When Claire was born, you changed. You figured you had to be good or you’d be gone. You haven’t had an accident since (other than that one time you had a stomach bug and couldn’t help it) and you became more calm.
Sure, when people come over you get excited, and it frustrates me, but you’re just a puppy at heart and I can’t fault you for that.
So, last week at some point, you turned 9. You’ve been in our lives longer than any of our kids and even our marriage. (8 years!) And I love you.
Happy birthday, Sadie dog. Thank you for seeing beyond your fears from past abuse and giving us a chance. We’re not perfect, but have never and will never hurt you and you’ve made our life better by being in it. You make the kids happy and even put up with their shenanigans.
So, with all the odds against you from the beginning: abused, neglected and named Sweat Pea (they totally meant Sweet Pea, but you know, spelling wasn’t so high on their list,) we’re so glad you’re our Sadie-Dog.
“A dog has no use for fancy cars or big homes or designer clothes. Status symbol means nothing to him. A waterlogged stick will do just fine. A dog judges others not by their color or creed or class but by who they are inside. A dog doesn’t care if you are rich or poor, educated or illiterate, clever or dull. Give him your heart and he will give you his. It was really quite simple, and yet we humans, so much wiser and more sophisticated, have always had trouble figuring out what really counts and what does not. As I wrote that farewell column to Marley, I realized it was all right there in front of us, if only we opened our eyes. Sometimes it took a dog with bad breath, worse manners, and pure intentions to help us see.”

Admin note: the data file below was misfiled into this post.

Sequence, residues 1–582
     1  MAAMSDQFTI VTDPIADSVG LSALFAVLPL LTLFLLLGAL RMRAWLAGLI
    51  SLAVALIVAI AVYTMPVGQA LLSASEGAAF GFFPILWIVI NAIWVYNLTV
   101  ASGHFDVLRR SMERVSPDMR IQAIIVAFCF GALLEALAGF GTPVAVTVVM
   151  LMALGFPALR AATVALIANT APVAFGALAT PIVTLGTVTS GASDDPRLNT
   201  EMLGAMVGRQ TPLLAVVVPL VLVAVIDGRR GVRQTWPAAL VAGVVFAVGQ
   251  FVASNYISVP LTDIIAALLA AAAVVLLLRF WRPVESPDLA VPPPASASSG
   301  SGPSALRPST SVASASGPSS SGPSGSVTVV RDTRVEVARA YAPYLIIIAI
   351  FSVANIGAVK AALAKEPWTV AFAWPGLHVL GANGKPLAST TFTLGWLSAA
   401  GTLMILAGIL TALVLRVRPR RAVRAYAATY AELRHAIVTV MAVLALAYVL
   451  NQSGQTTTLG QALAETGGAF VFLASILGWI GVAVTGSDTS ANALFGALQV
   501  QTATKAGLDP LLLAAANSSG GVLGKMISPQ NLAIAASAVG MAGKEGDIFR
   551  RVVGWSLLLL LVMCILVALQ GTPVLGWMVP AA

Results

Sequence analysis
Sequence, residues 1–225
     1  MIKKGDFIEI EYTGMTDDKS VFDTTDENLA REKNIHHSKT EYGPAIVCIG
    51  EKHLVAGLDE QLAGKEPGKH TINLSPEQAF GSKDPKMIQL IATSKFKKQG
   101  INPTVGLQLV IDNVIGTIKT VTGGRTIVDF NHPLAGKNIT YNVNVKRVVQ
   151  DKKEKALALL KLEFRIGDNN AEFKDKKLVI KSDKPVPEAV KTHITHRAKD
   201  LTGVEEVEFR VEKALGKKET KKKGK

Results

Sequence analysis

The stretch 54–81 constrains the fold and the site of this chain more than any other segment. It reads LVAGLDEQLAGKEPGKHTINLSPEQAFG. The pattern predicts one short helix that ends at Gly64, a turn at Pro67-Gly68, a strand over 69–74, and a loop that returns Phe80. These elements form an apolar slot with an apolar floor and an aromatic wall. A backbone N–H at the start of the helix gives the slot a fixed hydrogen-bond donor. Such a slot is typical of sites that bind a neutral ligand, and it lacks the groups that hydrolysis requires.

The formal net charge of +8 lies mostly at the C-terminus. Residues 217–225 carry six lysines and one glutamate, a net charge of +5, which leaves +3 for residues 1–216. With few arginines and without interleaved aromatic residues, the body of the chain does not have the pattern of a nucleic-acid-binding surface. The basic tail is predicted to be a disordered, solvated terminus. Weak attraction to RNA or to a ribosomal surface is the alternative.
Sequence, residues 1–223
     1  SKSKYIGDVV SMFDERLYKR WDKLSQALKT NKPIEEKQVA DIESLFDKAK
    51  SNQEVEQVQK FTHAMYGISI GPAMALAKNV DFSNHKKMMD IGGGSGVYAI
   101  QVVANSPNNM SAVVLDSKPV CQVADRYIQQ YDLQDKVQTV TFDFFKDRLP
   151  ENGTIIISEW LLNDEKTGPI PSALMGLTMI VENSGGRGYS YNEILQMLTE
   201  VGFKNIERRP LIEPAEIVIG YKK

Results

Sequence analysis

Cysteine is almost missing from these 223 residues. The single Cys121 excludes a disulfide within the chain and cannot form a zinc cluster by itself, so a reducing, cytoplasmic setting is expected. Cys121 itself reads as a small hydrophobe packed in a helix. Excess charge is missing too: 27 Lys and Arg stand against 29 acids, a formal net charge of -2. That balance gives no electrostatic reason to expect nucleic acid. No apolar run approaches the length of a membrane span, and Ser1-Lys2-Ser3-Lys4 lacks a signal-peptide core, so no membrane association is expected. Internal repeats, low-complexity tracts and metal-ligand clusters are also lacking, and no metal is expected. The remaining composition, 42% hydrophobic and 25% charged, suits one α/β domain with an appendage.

We had a very busy weekend. It started with Claire becoming a marathoner.
She worked very hard for that moment. She ran 25 miles in 1 mile increments for 3 months. She had fun, but most of all, she learned more about empathy and giving. Girl raised 2505 dollars for the ARL. I know, I know, I helped her and stuff, but honestly? I couldn’t have done it without her. Her excitement was contagious and that’s where the majority of the money came from – people excited because she was excited.
I mean, who can say no to a kid? And animals?
Claire was the third highest individual fundraiser for the ARL this year. I’m so proud.
The morning started with her getting on her clothes I had laid out the night before. She was up before the birds, that girl, and Matt and I were fully prepared for that. I braided her hair and put on her ARL tattoo and got her to eat a nice breakfast. By the time we were ready, my mom and dad were there and we were ready to rock and roll.